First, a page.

Day 4 (7/17/16)

IMG_0072We awoke early to a refreshingly cool, foggy morning.  Campsite was nearly deserted with just a few horses in the paddocks and stalls.  We broke camp and loaded Sly and Lucky Little Street—ready for our next leg to Midway, Kentucky a few miles west of Lexington Horse Park.  Our next “horse motel”, cleverly named “Saddles and Sheets Equine Inn”. But of course traveling like we are, pulling a 38’ horse trailer is not without it own set of surprises.

During our first stop to water the horses, Dennis turned the water pump on inside the trailer so he could fill their buckets from the outside spigot.  Several hours later when we stopped for lunch at another rest stop, Dennis opened the door into the trailer only to find a flood of water all over the floor and drawers in the kitchen.  Unfortunately, forgetting to turn off the water pump inside meant that water if turned on inside would come on and that is exactly what happened, water poured out—not because we turned it on but because something we had left on the counter accidentally fell into the sink spigot turning it on and water flowed until the tank was completely drained!!  This meant we had to soak up all the water as quickly as possible with every towel in the trailer.  Lesson here—don’t put anything on the counter—anything—and always turn off your water pump when not in use and when on the road.


Midway, KY. Arrived at “Saddles and Sheets Equine Inn”

Arrived at “Saddles and Sheets Equine Inn” –a beautifully maintained horse farm outside of the quaint and historic railroad town of Midway.  We put both horses together for the first time and they seemed so happy to be in such a large pasture knee high in Kentucky Blue Grass!  Too much green for conflict or fights!  Happy as clams!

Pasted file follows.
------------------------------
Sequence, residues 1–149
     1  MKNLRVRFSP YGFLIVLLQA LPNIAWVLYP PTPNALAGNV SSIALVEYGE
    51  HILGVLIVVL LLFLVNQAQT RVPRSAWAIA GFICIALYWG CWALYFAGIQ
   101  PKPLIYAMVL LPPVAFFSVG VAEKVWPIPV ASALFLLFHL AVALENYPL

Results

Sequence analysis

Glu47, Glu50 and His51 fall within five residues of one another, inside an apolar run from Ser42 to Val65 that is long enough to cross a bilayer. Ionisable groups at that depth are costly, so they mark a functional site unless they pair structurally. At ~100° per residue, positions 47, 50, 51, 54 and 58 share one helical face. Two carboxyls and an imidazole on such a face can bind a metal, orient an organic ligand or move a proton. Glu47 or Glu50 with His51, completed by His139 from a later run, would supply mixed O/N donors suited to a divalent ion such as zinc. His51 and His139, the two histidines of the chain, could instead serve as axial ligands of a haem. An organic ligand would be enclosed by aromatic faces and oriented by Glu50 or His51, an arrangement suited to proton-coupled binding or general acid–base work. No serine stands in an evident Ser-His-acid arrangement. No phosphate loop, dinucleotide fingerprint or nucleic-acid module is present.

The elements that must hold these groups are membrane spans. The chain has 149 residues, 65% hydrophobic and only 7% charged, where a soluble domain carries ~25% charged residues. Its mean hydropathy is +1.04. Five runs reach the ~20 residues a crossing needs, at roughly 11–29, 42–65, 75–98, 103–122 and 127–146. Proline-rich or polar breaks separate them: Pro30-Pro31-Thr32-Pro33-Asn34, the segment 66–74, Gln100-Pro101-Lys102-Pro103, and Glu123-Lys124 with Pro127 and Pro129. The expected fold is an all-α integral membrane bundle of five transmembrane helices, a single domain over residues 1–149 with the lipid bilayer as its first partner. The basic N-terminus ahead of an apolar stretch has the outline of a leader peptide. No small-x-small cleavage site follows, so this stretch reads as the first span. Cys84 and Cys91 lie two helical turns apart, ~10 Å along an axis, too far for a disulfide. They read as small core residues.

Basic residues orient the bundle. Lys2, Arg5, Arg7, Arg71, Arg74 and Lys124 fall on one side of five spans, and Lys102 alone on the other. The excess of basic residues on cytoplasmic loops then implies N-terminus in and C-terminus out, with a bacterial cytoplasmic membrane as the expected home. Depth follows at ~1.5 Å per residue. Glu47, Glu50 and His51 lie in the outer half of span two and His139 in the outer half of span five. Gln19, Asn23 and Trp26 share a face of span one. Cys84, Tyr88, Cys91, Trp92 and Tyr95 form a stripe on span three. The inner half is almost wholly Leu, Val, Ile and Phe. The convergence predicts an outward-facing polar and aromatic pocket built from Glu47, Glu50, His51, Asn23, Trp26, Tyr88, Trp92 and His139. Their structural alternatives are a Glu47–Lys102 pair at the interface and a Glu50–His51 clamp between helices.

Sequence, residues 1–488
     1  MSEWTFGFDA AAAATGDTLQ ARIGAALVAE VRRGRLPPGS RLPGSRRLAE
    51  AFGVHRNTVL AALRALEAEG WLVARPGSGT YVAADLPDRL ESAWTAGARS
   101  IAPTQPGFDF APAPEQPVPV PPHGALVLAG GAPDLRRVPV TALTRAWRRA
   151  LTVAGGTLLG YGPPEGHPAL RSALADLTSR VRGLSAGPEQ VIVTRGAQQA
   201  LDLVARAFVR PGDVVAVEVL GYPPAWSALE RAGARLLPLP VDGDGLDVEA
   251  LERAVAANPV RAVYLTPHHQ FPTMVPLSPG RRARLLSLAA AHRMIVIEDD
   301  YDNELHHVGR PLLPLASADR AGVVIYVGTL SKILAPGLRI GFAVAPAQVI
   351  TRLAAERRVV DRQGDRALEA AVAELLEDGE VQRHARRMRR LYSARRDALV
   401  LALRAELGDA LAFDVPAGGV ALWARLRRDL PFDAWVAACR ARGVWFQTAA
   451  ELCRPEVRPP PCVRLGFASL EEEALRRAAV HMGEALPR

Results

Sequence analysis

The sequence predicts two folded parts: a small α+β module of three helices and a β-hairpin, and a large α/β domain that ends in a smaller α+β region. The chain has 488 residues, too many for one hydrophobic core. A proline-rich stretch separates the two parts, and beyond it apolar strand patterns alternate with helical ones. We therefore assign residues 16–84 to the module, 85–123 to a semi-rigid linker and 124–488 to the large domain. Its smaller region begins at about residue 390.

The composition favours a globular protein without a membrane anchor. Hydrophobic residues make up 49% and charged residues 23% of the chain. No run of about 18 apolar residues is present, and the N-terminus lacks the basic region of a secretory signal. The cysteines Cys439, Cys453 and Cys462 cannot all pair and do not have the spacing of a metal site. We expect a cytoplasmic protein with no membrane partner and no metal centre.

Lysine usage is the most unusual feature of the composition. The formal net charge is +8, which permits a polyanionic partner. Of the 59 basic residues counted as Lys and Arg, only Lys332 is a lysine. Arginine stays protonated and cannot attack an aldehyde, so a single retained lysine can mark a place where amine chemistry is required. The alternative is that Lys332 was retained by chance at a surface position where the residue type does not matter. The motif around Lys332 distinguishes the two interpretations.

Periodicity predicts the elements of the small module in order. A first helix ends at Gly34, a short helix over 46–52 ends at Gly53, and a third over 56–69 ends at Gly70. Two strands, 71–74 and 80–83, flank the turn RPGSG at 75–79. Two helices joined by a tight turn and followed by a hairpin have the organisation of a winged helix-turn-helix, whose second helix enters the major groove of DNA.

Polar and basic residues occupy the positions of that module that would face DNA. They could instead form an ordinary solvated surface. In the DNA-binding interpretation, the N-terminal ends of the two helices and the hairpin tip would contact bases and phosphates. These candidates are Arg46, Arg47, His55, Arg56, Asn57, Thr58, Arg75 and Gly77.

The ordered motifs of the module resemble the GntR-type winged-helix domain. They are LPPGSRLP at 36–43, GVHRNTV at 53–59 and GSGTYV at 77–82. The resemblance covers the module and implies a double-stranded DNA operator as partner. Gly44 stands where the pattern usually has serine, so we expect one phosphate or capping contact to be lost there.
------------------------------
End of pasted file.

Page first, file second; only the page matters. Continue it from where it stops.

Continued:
Now for the arduous task of cleaning and drying up from our earlier flood—Jane laid out the yard mat and tables to start washing while Dennis hooked up the trailer with electric and water.  Dennis put a nozzle on the hose and inserted it into the fresh water tank then proceeded to do other chores.  About that time, Jane began yelling “what are you doing?”  from the other side of the trailer.  The water hose had fallen out of the fill tank and was now squirting full force under the trailer, spraying water and mud all over the things she had just cleaned!  As she came underneath the trailer to stop the water spray, she hit her head very hard on the edge of the trailer!  Now, holding her head in extreme pain, wet and muddy from the spray, it was just too much and Jane had her first “melt down”!  After a breather, we set up a wash tub to hand wash every utensil, cups, plates, cookware and get everything clean and dry.  We set up fans to thoroughly dry everything in the drawers and cabinets.   Fortunately, we had discovered the flood early enough that no damage was done.  

Again, lessons learned.


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